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Flexible demand in the GB domestic electricity sector in 2030

Drysdale, Brian, Wu, Jianzhong ORCID: and Jenkins, Nicholas ORCID: 2014. Flexible demand in the GB domestic electricity sector in 2030. Applied Energy 10.1016/j.apenergy.2014.11.013

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In order to meet greenhouse gas emissions targets the Great Britain (GB) future electricity supply will include a higher fraction of non-dispatchable generation, increasing opportunities for demand side management to maintain a supply/demand balance. This paper examines the extent of flexible domestic demand (FDD) in GB, its usefulness in system balancing and appropriate incentives to encourage consumers to participate. FDD, classified as electric space and water heating (ESWH), and cold and wet appliances, amounts to 59 TW h in 2012 (113 TW h total domestic demand) and is calculated to increase to 67 TW h in 2030. Summer and winter daily load profiles for flexible loads show significant seasonal and diurnal variations in the total flexible load and between load categories. Low levels of reflective consumer engagement with electricity consumption and a resistance to automation present barriers to effective access to FDD. A value of £1.97/household/year has been calculated for cold appliance loads used for frequency response in 2030, using 2013 market rates. The introduction of smart meters in GB by 2020 will allow access to FDD for system balancing. The low commercial value of individual domestic loads increases the attractiveness of non-financial incentives to fully exploit FDD. It was shown that appliance loads have different characteristics which can contribute to an efficient power system in different ways. � 2014 The Authors. Published by Elsevier Ltd. This is an open access article under the CC BY license (http://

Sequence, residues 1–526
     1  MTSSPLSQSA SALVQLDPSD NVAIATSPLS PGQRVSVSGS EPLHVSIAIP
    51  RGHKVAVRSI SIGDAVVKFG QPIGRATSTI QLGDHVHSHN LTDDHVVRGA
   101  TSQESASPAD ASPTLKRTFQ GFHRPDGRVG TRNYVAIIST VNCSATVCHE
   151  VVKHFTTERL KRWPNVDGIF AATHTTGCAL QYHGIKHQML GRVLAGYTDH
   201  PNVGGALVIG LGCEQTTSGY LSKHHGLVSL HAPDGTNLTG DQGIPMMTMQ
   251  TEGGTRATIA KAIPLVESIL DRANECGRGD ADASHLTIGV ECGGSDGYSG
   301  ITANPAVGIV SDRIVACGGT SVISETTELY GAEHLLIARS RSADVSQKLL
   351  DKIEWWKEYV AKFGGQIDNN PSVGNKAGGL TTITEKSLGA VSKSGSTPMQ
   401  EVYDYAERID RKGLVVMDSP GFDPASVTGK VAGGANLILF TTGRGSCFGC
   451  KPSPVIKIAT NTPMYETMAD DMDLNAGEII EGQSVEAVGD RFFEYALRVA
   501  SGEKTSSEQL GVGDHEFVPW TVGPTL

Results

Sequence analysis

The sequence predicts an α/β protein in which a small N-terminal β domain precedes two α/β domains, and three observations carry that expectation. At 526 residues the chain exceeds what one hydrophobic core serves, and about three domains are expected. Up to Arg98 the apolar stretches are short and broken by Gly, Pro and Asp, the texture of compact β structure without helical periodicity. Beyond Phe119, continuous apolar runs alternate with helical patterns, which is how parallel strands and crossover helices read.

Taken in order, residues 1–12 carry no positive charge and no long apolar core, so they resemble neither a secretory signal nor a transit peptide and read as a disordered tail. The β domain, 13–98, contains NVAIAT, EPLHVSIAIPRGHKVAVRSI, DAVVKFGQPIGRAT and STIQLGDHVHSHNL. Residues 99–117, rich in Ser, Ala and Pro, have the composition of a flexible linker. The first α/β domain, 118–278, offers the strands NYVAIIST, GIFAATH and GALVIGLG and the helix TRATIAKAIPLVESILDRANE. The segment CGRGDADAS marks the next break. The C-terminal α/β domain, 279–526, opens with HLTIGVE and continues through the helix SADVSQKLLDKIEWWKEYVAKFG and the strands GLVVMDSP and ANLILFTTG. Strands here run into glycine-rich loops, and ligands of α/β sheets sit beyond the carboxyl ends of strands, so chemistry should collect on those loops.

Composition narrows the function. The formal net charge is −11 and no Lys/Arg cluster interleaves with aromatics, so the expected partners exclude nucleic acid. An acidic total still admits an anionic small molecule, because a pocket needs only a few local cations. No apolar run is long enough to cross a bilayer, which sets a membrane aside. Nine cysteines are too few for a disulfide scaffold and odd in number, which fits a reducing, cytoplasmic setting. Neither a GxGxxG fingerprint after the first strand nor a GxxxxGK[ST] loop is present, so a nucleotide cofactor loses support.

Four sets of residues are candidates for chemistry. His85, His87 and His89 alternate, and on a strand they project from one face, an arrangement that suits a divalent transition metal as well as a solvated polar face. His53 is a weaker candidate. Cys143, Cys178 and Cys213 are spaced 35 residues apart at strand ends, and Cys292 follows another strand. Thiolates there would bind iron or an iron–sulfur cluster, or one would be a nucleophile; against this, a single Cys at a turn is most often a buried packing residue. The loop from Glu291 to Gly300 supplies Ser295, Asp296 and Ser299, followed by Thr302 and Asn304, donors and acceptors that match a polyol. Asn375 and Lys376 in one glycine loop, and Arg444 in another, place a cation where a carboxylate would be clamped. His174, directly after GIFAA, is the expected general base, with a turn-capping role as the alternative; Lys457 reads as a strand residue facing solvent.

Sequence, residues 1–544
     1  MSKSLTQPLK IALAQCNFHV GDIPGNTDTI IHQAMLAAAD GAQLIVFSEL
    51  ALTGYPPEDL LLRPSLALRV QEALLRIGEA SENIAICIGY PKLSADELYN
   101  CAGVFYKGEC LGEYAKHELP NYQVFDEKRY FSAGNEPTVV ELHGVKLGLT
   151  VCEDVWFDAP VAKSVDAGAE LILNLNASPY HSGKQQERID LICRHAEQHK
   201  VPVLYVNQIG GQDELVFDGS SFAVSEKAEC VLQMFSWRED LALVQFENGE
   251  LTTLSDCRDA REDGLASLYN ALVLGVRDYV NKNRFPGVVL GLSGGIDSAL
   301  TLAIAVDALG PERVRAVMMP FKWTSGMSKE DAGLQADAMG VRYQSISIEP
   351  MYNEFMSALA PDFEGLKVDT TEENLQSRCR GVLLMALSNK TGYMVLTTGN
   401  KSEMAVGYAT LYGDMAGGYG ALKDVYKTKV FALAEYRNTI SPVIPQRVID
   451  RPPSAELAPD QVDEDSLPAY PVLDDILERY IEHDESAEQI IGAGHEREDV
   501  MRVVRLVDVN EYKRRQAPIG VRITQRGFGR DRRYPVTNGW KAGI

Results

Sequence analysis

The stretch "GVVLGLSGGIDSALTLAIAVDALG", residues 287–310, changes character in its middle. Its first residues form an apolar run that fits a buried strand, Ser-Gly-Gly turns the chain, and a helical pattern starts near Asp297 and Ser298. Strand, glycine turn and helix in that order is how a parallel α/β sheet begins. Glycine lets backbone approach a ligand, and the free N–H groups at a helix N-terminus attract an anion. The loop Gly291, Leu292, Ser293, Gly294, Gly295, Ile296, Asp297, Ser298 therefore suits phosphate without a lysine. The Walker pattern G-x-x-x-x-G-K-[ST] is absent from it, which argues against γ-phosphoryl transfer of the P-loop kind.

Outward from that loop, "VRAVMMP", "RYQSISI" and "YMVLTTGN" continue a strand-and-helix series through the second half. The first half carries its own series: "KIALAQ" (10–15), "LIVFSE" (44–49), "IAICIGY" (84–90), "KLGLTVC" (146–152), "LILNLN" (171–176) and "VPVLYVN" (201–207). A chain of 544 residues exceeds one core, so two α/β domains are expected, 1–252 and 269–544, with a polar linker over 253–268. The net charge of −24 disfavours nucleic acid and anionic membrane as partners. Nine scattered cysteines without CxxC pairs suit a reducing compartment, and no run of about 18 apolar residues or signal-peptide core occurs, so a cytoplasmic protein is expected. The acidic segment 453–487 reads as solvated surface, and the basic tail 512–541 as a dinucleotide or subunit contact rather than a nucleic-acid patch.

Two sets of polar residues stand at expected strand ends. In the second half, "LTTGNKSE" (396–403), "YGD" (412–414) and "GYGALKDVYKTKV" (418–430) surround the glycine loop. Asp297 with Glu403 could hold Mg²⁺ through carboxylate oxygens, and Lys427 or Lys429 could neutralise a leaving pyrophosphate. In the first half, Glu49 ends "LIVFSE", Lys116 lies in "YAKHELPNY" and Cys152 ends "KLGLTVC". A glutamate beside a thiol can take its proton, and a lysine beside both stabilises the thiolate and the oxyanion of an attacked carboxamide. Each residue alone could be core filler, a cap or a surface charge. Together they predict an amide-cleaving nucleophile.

Item Type: Article
Date Type: Publication
Status: Published
Schools: Engineering
Subjects: T Technology > TA Engineering (General). Civil engineering (General)
Publisher: Elsevier
ISSN: 0306-2619
Funders: EPSRC
Date of First Compliant Deposit: 30 March 2016
Date of Acceptance: 10 November 2014
Last Modified: 14 May 2023 17:36

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